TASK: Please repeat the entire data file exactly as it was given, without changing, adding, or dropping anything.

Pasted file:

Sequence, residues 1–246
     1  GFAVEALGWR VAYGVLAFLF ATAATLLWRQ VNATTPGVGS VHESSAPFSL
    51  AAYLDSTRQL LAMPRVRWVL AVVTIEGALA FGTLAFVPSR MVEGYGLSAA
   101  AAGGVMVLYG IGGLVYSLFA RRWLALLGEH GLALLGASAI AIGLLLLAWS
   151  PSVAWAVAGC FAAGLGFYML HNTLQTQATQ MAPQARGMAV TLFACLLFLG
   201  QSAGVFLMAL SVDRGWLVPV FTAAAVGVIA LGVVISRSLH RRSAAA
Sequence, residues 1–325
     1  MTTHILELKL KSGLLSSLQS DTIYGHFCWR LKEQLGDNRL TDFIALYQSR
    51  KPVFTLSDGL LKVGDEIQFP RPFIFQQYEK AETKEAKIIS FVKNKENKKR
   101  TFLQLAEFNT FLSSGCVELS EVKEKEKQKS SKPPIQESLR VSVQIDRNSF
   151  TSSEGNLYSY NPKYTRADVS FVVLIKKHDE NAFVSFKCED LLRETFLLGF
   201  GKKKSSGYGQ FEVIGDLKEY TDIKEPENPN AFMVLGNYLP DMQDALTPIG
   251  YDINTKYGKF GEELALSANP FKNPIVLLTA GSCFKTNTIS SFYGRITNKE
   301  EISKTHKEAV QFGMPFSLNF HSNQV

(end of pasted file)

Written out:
Sequence, residues 1–246
     1  GFAVEALGWR VAYGVLAFLF ATAATLLWRQ VNATTPGVGS VHESSAPFSL
    51  AAYLDSTRQL LAMPRVRWVL AVVTIEGALA FGTLAFVPSR MVEGYGLSAA
   101  AAGGVMVLYG IGGLVYSLFA RRWLALLGEH GLALLGASAI AIGLLLLAWS
   151  PSVAWAVAGC FAAGLGFYML HNTLQTQATQ MAPQARGMAV TLFACLLFLG
   201  QSAGVFLMAL SVDRGWLVPV FTAAAVGVIA LGVVISRSLH RRSAAA
Sequence, residues 1–325
     1  MTTHILELKL KSGLLSSLQS DTIYGHFCWR LKEQLGDNRL TDFIALYQSR
    51  KPVFTLSDGL LKVGDEIQFP RPFIFQQYEK AETKEAKIIS FVKNKENKKR
   101  TFLQLAEFNT FLSSGCVELS EVKEKEKQKS SKPPIQESLR VSVQIDRNSF
   151  TSSEGNLYSY NPKYTRADVS FVVLIKKHDE NAFVSFKCED LLRETFLLGF
   201  GKKKSSGYGQ FEVIGDLKEY TDIKEPENPN AFMVLGNYLP DMQDALTPIG
   251  YDINTKYGKF GEELALSANP FKNPIVLLTA GSCFKTNTIS SFYGRITNKE
   301  EISKTHKEAV QFGMPFSLNF HSNQV